However, various parameters potentially affect the performance of an atlas in the segmentation and registration tasks. Among these, the mathematical model used to represent the geometric transformations between images is critical because it determines the spectrum of morphological variations that can be algorithmically corrected. Early Drosophila brain atlases relied on low degree-of-freedom transformations that compensate for variations in position, orientation and scale (Rein et al., 2002). More recently, non-linear deformation models such as B-splines (Rueckert et al., 1999) and thin-plate splines (Bookstein, 1989) were adopted, allowing to capture more complex patterns of morphological variations between specimens (Jefferis et al., 2007; Peng et al., 2011). However, in brain imaging of humans and other mammals, a wider range of transformation models have been proposed for image registration (Gholipour et al., 2007; Sotiras et al., 2013). Comparison between registration methods has shown the superiority of symmetric diffeomorphic registration (Avants et al., 2008) over a number of alternatives (Klein et al., 2009). The potential and benefits of such advanced registration methods has not been investigated yet in the context of Drosophila adult brain atlasing, where the targeted resolution should allow the comparison of neuronal processes from individual cells.
In addition, the intensity template and label image of the atlas are also critical parameters impacting on registration and segmentation performance. Two strategies have been adopted in adult Drosophila neuroanatomy for building atlases. The first one consists in selecting the intensity and label images from a single individual (Rein et al., 2002; Chiang et al., 2011; Jenett et al., 2012). This introduces a bias toward the morphology of the selected individual. Attempts to minimize this bias have consisted in selecting the most representative individual from a population, for example based on a size criterion or proximity to the average (Rein et al., 2002; Jenett et al., 2006; Chiang et al., 2011). The second atlas-selection strategy consists in building a statistical atlas by averaging images from several individuals after they have been co-registered (Jefferis et al., 2007; Cachero et al., 2010; Yu et al., 2010; Peng et al., 2011; Manton et al., 2014; Costa et al., 2016). The precision of the method used for registering images and its capacity to compensate for anatomical variations between individuals is essential to preserve local contrast when averaging images, since anatomical details condition the precision of the spatial requests that can be performed using an atlas.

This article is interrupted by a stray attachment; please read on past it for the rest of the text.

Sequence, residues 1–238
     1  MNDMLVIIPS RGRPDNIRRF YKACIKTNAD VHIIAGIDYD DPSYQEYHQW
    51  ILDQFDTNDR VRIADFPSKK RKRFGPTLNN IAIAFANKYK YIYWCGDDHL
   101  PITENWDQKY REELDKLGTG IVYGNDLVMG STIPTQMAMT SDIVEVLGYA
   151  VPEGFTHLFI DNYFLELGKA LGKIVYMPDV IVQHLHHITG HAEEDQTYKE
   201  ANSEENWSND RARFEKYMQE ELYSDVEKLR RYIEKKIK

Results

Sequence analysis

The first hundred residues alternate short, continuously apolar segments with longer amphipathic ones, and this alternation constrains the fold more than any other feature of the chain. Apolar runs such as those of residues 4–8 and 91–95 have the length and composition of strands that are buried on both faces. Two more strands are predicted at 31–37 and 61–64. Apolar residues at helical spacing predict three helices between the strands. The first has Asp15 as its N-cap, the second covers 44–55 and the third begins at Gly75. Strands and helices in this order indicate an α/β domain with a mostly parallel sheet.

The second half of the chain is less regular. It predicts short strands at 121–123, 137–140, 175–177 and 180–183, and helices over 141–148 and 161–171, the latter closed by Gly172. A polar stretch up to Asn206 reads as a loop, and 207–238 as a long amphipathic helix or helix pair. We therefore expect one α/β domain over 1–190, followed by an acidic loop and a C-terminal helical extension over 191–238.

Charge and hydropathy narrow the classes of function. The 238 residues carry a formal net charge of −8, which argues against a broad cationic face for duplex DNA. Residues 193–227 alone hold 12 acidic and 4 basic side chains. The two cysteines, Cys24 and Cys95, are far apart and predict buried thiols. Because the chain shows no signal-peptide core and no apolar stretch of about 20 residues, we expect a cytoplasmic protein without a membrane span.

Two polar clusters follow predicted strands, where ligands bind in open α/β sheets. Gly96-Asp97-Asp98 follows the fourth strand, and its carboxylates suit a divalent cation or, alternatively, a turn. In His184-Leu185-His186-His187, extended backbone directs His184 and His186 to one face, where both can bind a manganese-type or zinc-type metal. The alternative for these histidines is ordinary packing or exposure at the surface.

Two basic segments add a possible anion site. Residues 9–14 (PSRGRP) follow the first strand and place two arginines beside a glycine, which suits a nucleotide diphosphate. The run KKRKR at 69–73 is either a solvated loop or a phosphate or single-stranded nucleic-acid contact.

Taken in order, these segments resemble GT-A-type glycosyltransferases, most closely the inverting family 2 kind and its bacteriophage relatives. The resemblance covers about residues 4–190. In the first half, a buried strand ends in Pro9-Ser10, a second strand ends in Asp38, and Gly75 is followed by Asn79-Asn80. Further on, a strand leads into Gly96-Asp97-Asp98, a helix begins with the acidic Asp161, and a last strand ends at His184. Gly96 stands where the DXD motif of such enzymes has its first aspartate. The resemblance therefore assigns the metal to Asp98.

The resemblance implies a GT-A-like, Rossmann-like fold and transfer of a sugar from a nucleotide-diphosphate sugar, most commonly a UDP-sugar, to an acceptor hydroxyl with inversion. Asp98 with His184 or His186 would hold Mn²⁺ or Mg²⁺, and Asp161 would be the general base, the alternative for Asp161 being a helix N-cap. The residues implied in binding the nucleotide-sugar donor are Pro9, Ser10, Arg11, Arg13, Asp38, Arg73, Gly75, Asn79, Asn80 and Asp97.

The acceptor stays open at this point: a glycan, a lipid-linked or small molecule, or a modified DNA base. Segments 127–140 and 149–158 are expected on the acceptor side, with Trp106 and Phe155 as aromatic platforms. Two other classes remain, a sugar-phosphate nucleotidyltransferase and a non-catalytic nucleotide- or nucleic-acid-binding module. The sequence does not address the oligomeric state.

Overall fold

Although many strategies have been proposed and evaluated in the last decades for the construction of brain templates in human and other mammalian species (Talairach and Tournoux, 1988; Evans et al., 1993; Mazziotta et al., 1995; Chen et al., 2006; Dogdas et al., 2007; Shattuck et al., 2008), much less has been done in insects. Based on a deformation criterion, strategies for building average atlases of the desert locus brain were compared in Kurylas et al. (2008), but no evaluation for automated segmentation or registration of individual brains was performed. In honeybees, a quantitative comparison study reported superior segmentation performance when using group-wise atlases rather than individual ones (Rohlfing et al., 2004). Apart from these few examples, most current templates of insect brains that have become de facto standards have not been quantitatively evaluated for their performances. This can be partially explained by the lack of anatomical images with expert annotations, which could serve as references when evaluating atlas-based segmentations and registrations. For instance, while hundreds of manually labeled brains of mice or humans are publicly accessible (for review, see Dickie et al., 2017), there is only one completely labeled adult Drosophila brain available (Ito et al., 2014). Moreover, while the MRI/CT community has proved the superiority of population-based approaches over those based on individual images in the creation of templates in mammal brains (Joshi et al., 2004; Kovacevic et al., 2004; Fonov et al., 2011), these approaches have not been fully translated yet into the insect brain communities.
In the present work, we performed a comprehensive set of experiments to objectively examine the influence of reference brains on atlas performances for both the automated segmentation and registration tasks on Drosophila adult brains. Taking benefit from a pre-existing collection of labeled adult Drosophila brain images, we compared individual templates to group-wise templates. Furthermore, we generated a new atlas brain built with the most recent image registration technology. Our results highlight the benefits of statistically representative templates in terms of precision and accuracy and show that the newly proposed atlas outperformed the currently available templates. The new Drosophila adult brain template was applied and validated using thousands of images from the JFRC FlyLight database (http://flweb.janelia.org/cgi-bin/flew.cgi) as well as newly generated images. The resulting atlas and database of registered images are available for browsing, query, and visualization through a user-friendly web interface (http://fruitfly.tefor.net) and a desktop application providing advanced 3D visualization and querying functionalities.
2. Materials and Methods
2.1. “Würzburg” Dataset